π. τὰς ὑποθέσεις, κ.τ.λ. ‘he is certain not to take his themes from the dishonest or frivolous controversies of private litigation, but from great and noble subjects which concern the welfare of mankind and the interests of the Commonwealth: since, if he does not find such themes, he will utterly fail to achieve his objects’, — viz., will fail to deserve ἔπαινος and τιμή. — ἰδίων συμβολ., ‘private contracts’, i.e. all the transactions between men which give rise to δίκαι: cp. Lys. In Erat. § 98, μικρῶν ἕνεκα συμβολαίων (for small debts), note, p. 259. So in Arist. Rhet. I. 1 § 10 Forensic Rhetoric is ἡ περὶ τὰ συναλλάγματα. μεγάλας καὶ καλάς Earlier in this speech Isocr. has given examples of what he means by μεγάλαι ὑποθέσεις, — viz. the comparative claims of Athens and Sparta to the hegemony (§ 59), treated in his own Panegyricus: and the measures needed for a reform of Athenian policy (§ 65), treated in his De Pace.
τῶν πράξεων ‘Next, he will select the most impressive and the most beneficent of the actions which illustrate his subject’. Thus, in showing that Athens had a better claim than Sparta to lead Greece, Isocr. adduces (in the Panegyricus) the great services of Athens to Greece: these are πράξεις συντείνουσαι πρὸς τὴν ὑπόθεσιν, historical facts bearing on this theme. — ὁ δὲ τὰς τοιαύτας, κ.τ.λ.: i.e. the habitual contemplation of noble actions, as illustrating a noble subject, will educate the intelligence no less than the literary faculty of the student — will give him τὸ εὖ φρονεῖν as well as τὸ εὖ λέγειν.
τῆς ἀρετῆς ‘virtue’. Cp. Adv. Sophist. § 21 (p. 116), πολὺ ἂν θᾶττον πρὸς ἐπιείκειαν ἢ πρὸς ῥητορείαν ὠφελήσειεν (ἡ φιλοσοφία), and note, p. 299. The argument is that the professor of persuasion will cultivate virtue, because virtue is persuasive. τῶν εὖ διακειμένων ‘men of good disposition’ (cp. or. IX. § 49, p. 109, ὠμότατα πρὸς τοὺς Ἕλληνας διακείμενοι), opp. to οἱ διαβεβλημένοι, ‘men of tarnished character’. The fallacy peeps out in the tacit substitution of τῶν εὖ διακειμένων for τῶν δοκούντων εὖ διακεῖσθαι: for, even granting that the surest way to seem anything is to be it, yet for Isocr.'s argument it would suffice that one should seem without being. τὰς ἐκ τοῦ βίου γεγεν ‘the proofs which have been afforded by a man's life’: i.e. apart from the logical value of the speaker's reasonings (πίστεις αἱ ὑπὸ τοῦ λόγου πεπορισμέναι), he will be the more persuasive in proportion as his past conduct makes it probable that he is sincere.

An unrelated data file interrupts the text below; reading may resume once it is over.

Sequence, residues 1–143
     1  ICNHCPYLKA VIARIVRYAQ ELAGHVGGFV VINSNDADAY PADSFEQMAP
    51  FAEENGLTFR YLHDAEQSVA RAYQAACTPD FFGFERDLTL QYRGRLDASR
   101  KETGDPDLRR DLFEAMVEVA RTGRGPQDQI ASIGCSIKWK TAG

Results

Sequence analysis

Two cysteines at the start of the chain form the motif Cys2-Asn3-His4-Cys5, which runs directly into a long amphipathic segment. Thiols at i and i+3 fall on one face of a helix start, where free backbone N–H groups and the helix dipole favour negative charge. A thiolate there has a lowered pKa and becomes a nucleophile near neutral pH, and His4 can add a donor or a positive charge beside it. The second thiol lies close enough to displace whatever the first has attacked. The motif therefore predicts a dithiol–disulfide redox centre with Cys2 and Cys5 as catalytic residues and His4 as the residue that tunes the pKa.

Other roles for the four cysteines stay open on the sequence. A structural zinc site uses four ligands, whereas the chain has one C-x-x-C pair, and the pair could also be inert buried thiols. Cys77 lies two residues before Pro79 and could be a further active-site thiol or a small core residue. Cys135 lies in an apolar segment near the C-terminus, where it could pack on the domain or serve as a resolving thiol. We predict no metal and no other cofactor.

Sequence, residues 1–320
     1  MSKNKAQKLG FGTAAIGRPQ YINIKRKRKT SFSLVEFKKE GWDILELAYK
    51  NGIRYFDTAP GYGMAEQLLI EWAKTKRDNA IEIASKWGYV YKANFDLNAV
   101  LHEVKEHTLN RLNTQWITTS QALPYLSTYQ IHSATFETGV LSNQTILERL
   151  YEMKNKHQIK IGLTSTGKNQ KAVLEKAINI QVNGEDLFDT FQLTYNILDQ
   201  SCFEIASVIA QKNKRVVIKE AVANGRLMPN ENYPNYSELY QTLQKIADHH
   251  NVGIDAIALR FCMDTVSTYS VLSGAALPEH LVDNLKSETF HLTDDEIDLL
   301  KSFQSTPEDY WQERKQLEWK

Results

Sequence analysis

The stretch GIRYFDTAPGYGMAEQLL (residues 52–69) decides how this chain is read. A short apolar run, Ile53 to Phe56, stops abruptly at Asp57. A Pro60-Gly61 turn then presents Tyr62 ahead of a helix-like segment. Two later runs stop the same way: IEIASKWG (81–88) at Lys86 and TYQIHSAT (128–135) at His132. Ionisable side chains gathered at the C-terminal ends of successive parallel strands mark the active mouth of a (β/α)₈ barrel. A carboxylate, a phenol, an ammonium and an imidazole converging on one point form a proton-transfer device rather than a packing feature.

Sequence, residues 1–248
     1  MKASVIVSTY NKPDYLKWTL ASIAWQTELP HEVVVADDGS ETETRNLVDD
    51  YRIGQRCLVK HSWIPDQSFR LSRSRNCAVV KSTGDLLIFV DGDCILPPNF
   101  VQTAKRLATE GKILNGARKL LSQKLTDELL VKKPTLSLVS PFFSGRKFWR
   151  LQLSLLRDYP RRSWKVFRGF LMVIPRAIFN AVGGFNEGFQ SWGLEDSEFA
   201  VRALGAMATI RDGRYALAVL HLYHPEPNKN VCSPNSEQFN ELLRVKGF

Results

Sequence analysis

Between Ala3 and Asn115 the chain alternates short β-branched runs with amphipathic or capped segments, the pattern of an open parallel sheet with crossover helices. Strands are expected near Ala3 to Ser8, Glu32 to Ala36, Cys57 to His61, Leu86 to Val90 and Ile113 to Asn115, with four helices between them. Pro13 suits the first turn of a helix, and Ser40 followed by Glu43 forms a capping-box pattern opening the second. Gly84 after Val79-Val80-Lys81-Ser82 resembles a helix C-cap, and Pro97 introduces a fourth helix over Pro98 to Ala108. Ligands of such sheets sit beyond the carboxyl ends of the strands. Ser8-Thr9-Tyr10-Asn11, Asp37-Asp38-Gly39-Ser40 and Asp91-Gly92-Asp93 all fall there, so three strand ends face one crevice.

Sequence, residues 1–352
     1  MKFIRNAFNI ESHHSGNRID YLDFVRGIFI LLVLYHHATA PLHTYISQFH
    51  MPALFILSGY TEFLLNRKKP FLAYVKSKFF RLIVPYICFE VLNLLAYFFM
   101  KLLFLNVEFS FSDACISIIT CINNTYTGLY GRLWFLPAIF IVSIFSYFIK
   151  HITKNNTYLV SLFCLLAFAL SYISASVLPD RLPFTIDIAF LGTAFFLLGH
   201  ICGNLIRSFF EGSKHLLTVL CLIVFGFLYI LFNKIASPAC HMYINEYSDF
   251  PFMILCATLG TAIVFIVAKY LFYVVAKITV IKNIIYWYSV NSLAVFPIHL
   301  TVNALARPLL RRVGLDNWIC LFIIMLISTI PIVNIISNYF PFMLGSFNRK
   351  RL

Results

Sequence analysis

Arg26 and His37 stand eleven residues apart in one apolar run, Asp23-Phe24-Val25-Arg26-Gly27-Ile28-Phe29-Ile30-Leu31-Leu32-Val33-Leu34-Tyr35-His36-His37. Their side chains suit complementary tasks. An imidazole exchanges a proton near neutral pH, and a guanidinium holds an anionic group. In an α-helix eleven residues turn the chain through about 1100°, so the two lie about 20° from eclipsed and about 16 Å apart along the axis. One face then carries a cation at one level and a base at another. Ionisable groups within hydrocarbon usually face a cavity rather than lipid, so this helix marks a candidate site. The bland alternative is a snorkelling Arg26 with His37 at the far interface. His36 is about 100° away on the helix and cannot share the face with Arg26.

τὴν τῆς εὐνοίας δύναμιν ‘the power of good-will’ — the εὔνοια felt by the hearers for a man whom they believe to be good. Arist. Rhet. II. 1 says that ἠθικὴ πίστις — the persuasiveness arising from the speaker's qualities as conceived by the hearer — has three elements, — the intelligence (φρόνησις), the moral worth (ἀρετή), and the good-will (εὔνοια) towards themselves, which the hearers recognise in him. The εὐνοίας δύναμις of which Isocr. speaks here means, the power of the good-will which the hearers feel for the speaker: thus it answers to the whole ἠθικὴ πίστις of Aristotle, and not merely to the third element therein.
τὰ εἰκότα — τὰ τεκμήρια — πᾶν τὸ τῶν πίστεων εἶδος ‘that probabilities (εἰκότα), proofs (τεκμήρια), and the rhetorical instruments of persuasion generally (πᾶν τὸ τῶν πίστεων εἶδος), are valid only for that particular occasion to which they may severally be applied’, — whereas a good reputation creates in every case a presumption that its possessor is acting rightly. — εἰκότα. The topic of εἰκός, general probability, had been prominent in the early τέχναι, as those of Corax and Tisias: see Attic Orators, I. cxxi. Arist. defines the enthymeme, or rhetorical syllogism, as a συλλογισμὸς ἐξ εἰκότων καὶ σημείων — i.e. drawn (1) from (mere) general likelihoods: (2) from particular signs which may, or may not, be conclusive. — τεκμήρια here=merely ‘sure signs’, as opp. to ‘probabilities’: not, in Arist.'s technical sense, the demonstrative as dist. from the fallible σημεῖον: cp. Antiph. De Caed. Her. § 81, note, p. 215. — πᾶν τὸ τῶν πίστεων εἶδος = αἱ πίστεις γενικῶς. Arist. distinguishes πίστις (1) λογική, (2) ἠθική, (3) παθητική: here Isocr. means (1), and perhaps (3), but treats (2) as something of a different and higher order.
ὃ δυσχερέστατον ἦν τῶν ῥηθ ‘the most invidious, as I felt, of the terms which I used’: ἦν, was, as I felt and hinted at the time, referring to § 275, where πλεονεξία is named with an apologetic explanation that it is not employed in its common sense. Plat. Rep. 522 A, ἦν ἡ μουσικὴ ἀντίστροφος τῆς γυμναστικῆς, εἰ μέμνησαι. Goodwin § 11. 6. παραλογιζομένους ‘making a false reckoning’, cheating in bills or accounts (not ‘reasoning falsely’): cp. Dem. Adv. Aphob. I. § 29, ἆρα μικρόν τι καὶ ἐξ ἀφανοῦς ποθεν καὶ παραλογίσασθαι ῥᾴδιον, ἀλλ̓ οὐ φανερῶς οὑτωσὶ μικροῦ δεῖ τρία τάλαντα ταῦτα ἀνηρπάκασιν. μᾶλλον ἐλαττοῦνται ‘are at a greater disadvantage’: cp. ἐλασσωθείς, Antiph. De Caed. Her. § 19, note, p. 212.
καὶ νῦν πλέον ἔχειν ‘are not only more fortunate now [in this mortal life], but will receive the better portion from the gods’.